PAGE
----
Of all the odd names for software projects, "git" ranks... somewhere in the middle.
March 11, 2012 12:35 PM   Subscribe

Where can I find resources to help me learn the basics of Git so that I can effectively use Octopress to power my static site blog?

I recently decided to switch from Wordpress to Octopress to power my personal blog. I've been able to configure and deploy Octopress using SSH, so I'm basically set in terms of being able to edit and publish my blog. However, I know that in order to get the full Octopress/Jekyll experience, and for the sake of making sure I can recover if I really foul things up, I should be maintaining a remote git repository of my blog source. But I'm a Git newb, and while there's plenty of documentation out there, I'm not sure where to look. Threads about Octopress, or even vanilla Jekyll, on sites like Stack Overflow presume a level of git-fu that I don't have; and the basic guides on sites like Github are equally unilluminating to me.

My impression of what the workflow should look like resembles this, but the details of how I go about doing it are still difficult for me to grasp.

I won't learn this except by doing it myself, though, so I'm eager to be told where I should be looking for guidance, rather than simply asking "how do I do this?"

(Note that I plan to host the private remote repository myself, rather than using a service like Github, if that matters.)

posted by a small part of the world to Computers & Internet (8 answers total) 23 users marked this as a favorite
Best answer: As a Git noob I've found the Git Magic articles helpful. Some more Git links (courtesy coxn on #mefi a few days ago).

Also, there's absolutely no need to "host" a remote repository for what you want to do. Just use git locally on the webserver with no origin, and back up using another method. This is one of the major advantages that Git has over a centralized VCS like Subversion. If you really want to back up using Git, you can simply "pull" the repo from the webserver using ssh.
posted by neckro23 at 12:49 PM on March 11, 2012 [1 favorite]

Best answer: Yuor workflow link doesn't work for me (403 Permission Denied), so I'm not sure what you're looking for.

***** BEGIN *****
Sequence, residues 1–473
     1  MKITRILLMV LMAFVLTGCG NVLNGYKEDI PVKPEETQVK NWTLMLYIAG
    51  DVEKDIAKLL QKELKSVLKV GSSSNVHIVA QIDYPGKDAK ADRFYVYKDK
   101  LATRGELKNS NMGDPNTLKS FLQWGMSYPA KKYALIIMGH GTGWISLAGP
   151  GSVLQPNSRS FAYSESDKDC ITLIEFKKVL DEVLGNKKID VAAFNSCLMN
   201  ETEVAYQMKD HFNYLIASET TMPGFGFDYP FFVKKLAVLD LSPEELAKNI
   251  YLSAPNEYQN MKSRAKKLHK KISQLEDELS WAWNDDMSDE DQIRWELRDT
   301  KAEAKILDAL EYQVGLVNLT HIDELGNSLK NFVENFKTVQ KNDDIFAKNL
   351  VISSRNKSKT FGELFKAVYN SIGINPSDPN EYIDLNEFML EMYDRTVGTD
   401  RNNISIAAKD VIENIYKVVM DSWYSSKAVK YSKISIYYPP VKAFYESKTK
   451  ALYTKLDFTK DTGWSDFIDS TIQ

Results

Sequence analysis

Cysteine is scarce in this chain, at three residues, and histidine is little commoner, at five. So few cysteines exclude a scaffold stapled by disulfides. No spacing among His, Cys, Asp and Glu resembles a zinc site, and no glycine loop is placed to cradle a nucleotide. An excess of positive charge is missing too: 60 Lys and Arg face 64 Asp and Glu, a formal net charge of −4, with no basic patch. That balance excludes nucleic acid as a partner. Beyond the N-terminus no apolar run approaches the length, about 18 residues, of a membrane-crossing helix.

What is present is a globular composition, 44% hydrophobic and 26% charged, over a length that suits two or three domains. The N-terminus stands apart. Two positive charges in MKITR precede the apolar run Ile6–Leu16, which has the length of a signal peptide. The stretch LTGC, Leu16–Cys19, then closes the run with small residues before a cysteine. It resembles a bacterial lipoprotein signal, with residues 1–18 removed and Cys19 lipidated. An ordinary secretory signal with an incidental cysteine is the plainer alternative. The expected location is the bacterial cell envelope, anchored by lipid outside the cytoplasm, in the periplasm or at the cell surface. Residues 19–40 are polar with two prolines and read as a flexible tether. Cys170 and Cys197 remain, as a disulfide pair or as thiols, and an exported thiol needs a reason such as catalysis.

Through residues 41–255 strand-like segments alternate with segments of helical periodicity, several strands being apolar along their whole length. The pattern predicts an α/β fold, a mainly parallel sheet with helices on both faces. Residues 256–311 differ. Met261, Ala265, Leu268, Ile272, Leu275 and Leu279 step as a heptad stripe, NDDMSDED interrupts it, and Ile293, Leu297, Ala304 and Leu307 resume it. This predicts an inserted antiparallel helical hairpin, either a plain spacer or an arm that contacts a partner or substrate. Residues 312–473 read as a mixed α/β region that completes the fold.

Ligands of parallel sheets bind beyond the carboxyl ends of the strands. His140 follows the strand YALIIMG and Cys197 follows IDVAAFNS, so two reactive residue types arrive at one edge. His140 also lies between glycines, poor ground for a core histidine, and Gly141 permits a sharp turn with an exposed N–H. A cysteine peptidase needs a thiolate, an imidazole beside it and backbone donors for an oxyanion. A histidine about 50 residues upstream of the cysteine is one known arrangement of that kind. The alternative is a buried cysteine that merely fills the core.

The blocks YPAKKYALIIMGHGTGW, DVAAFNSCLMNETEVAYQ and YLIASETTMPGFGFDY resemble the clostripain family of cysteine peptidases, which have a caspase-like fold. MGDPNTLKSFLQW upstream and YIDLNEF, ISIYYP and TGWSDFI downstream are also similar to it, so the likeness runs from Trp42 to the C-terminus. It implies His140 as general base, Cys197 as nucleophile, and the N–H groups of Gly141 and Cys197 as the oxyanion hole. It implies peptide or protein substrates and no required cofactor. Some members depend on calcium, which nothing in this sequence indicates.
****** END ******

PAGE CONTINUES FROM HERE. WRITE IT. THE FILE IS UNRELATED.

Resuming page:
I haven't moved to Octopress though I've thought about it or something like it. My notion of the best way to use it would be to have one copy of the repository on my local machine, where I mostly make edits and mess around with the site; when I like what I see, I commit and push to the webhost's repository and make it visible to the world. If I want to make a simple change I can edit it on the webhost and commit to that repository, and rely on git to keep my changes from stomping on each other (presumably I would pull those changes from the webhosts' repository back to my local machine's repository at some point and do any necessary merging).

I agree there's no need to use github or other centralized thirdparty repository unless you're trying to collaborate with a bunch of people.
posted by hattifattener at 1:13 PM on March 11, 2012

This is all you need for learning git: Pro Git.
posted by hariya at 1:22 PM on March 11, 2012 [2 favorites]

Response by poster: Thanks hariya!

hattifattener, the image I linked to is the first image on this page. The workflow you describe sounds simpler and safer for me, though.

However -- and this relates to neckro23's answer (thanks for the links, they seem to be on the level I need), it seems to me that I *would* want to have a separate repository for the blog's source if, for example, a major Octopress revision came down the pipe -- wouldn't I lose my site (locally, if not on the webhost) if I tried to upgrade? (Or am I just revealing the depth of my unfamiliarity with Git?)
posted by a small part of the world at 1:26 PM on March 11, 2012

As far as docs go I found the official git tutorial, and other official docs to be adequate.

Do you use other version control systems? I use SVN in my day to day work, so by using git-svn as a front-end for SVN I was able to learn the basics of git.
posted by Joe Chip at 1:41 PM on March 11, 2012

Best answer: I really like Pro Git. Also, good choice with Octopress; I've recently moved my blog to that platform and I've been really happy so far. I use rsync to deploy though, I haven't bothered set up the git hooks necessary.

If you just want a local git repo on your machine, without pushing it to any remote server, just do a 'git init' in your working directory and commit & branch your little heart out. I love git so much I pretty mush use the local workflow absolutely everywhere (even for non-code things!), just so I know i can back out if I decide I don't like my changes.
posted by cgg at 2:06 PM on March 11, 2012 [1 favorite]

Best answer: I read Getting Good With Git as an introduction. I didn't get the screencasts, but if I was struggling after the book, I probably would have.

Other useful links:

The Perfect Workflow with Git, GitHub, and SSH (video + article)

Let's Suck at GitHub Together (video)

Getting off FTP and onto Git Deployment with Beanstalk (video)


I had good luck googling my webhost name + git, and getting how-to guides and the like.
posted by backwards guitar at 3:12 PM on March 11, 2012

Response by poster: Thanks to everyone who has answered so far.

I am in fact using rsync to deploy, but the official Octopress documentation suggests that I should still be using git as well.

The overall impression that I'm getting though, is that I can use git as little or as much as I like with my blog source. I suppose the next step is just try various configs and workflows out and see what works for me. Thanks!
posted by a small part of the world at 4:32 PM on March 11, 2012

« Older What does a Canadian expat moving to Chicago need...   |   Kid-friendly MMO? Newer »
This thread is closed to new comments.